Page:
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Going to the source: IoT and energy generation
Reliability, efficiency, maintenance and, of course, environmental impact are the main issues surrounding dated power stations. The age of equipment is often the root of the problem; assets are sometimes more than 40 years old, very expensive, and difficult to integrate with new technologies and systems.
Although automated processes and data analysis has been used in the energy sector since the 1990s, developments in IoT are set to take these tools to the next level. IoT can contribute to reducing some of the challenges associated with old equipment, particularly downtime. By applying IoT sensors, connected devices are able to facilitate preemptive rather than reactive maintenance, increasing the reliability of this cumbersome equipment and making the facility far more efficient.
These benefits are proven; according to a 2015 technical report compiled by General Electric, an existing plant can save $50 million USD if equipped with IoT technologies. Meanwhile, a new plant of the same size could save $230 million USD during its lifetime. The application of IoT in new powerplants is key, especially in regard to renewables as reducing energy generation via fossil fuels is crucial.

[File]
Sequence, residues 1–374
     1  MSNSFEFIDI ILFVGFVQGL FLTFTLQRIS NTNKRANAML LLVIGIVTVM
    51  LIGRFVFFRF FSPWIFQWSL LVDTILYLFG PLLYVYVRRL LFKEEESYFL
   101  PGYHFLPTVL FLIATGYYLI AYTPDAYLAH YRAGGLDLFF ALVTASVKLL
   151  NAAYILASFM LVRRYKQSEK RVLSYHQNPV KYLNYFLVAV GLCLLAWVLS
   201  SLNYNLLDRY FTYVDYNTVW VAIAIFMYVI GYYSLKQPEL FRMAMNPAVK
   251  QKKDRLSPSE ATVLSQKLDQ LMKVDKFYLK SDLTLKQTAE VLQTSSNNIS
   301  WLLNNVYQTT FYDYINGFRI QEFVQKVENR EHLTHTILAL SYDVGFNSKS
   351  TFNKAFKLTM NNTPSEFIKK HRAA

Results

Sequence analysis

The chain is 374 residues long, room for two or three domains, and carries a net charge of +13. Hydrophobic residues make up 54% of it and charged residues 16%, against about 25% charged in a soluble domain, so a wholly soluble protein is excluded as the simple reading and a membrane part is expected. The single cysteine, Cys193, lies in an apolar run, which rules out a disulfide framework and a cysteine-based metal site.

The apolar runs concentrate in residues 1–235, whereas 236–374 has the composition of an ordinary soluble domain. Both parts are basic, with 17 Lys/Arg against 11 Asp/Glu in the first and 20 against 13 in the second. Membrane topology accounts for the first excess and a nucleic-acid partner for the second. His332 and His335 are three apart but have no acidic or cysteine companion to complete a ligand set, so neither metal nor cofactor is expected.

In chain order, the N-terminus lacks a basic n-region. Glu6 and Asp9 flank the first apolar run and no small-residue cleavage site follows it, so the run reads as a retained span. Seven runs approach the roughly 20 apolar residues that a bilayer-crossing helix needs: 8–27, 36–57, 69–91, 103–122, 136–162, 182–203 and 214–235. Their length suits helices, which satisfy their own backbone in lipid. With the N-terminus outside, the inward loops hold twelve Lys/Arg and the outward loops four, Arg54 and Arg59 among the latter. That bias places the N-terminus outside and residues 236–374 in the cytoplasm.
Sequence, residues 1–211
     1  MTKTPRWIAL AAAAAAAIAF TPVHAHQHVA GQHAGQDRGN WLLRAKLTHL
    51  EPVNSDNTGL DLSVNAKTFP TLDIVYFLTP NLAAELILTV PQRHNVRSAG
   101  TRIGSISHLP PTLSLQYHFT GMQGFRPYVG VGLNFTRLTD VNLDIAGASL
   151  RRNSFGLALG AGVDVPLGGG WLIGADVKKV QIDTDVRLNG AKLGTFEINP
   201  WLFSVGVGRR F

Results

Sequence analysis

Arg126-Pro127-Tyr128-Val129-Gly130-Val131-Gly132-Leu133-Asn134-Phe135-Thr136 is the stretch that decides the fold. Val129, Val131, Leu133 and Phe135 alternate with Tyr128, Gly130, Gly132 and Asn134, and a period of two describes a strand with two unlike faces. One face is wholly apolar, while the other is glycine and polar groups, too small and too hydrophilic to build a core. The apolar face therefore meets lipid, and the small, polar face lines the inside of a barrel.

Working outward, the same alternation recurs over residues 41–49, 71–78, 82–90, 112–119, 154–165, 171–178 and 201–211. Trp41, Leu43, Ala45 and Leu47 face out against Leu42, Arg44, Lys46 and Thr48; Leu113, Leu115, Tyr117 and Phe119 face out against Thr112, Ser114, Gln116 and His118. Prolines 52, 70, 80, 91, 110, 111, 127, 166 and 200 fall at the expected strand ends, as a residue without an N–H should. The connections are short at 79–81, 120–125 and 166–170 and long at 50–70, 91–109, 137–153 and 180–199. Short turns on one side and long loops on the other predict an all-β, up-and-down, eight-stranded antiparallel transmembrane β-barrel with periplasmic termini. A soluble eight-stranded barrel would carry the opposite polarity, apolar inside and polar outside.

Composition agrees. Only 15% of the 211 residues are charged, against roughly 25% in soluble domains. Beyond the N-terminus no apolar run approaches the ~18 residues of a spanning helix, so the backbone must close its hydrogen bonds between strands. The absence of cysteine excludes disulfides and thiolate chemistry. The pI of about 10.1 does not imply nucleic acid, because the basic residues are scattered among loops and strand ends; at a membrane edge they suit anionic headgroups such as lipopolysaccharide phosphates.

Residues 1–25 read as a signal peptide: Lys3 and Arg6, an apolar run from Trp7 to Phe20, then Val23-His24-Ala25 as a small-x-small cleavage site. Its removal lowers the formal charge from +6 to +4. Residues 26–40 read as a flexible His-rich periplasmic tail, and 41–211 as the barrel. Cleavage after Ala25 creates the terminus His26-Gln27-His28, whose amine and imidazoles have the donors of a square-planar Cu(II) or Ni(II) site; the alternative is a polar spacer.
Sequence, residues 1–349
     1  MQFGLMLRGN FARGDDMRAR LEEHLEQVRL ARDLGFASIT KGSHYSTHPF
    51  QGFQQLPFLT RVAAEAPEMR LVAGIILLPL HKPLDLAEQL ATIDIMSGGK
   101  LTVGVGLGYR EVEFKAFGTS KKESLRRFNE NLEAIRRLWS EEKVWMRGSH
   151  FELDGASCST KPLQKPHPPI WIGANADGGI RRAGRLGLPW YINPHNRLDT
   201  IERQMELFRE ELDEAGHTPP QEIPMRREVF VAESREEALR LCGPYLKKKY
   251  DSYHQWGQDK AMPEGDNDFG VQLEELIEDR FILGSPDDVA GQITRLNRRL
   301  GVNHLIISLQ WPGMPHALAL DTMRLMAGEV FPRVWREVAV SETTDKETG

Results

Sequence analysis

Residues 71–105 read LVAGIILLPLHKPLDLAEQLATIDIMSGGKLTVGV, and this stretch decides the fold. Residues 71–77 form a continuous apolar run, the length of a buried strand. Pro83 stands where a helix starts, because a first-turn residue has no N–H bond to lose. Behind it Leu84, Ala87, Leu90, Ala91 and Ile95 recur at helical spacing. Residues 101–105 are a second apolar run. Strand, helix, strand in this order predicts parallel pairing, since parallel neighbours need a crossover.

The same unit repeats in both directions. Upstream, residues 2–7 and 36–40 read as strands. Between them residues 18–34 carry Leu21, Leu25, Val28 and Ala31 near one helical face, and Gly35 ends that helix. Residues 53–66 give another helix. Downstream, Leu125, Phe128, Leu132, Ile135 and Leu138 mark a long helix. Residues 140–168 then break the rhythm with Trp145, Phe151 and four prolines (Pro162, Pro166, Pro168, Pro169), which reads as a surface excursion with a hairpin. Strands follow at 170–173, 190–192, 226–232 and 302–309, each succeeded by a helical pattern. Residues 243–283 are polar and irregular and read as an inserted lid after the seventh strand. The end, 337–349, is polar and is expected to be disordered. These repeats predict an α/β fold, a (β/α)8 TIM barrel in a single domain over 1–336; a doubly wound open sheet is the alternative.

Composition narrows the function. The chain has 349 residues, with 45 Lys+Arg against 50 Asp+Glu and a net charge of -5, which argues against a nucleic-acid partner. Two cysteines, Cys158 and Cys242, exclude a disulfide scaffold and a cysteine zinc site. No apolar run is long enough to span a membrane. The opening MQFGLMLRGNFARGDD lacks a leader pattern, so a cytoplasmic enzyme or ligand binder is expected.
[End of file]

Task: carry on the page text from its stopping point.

However, weather-dependent or variable renewable sources pose new challenges for the grid. Matching the generation of energy with demand is the most significant; however, IoT systems offer opportunities to properly balance generation with demand. For example, the use of machine learning algorithms can balance the power output of a thermal power plant with in-house power generation, e.g. aggregating many small-scale solar panels.
As efficiency in the power sector is crucial to achieving the net zero energy goal, no facility new or old should be without IoT technologies. These opportunities extend beyond the power station itself, into the grid.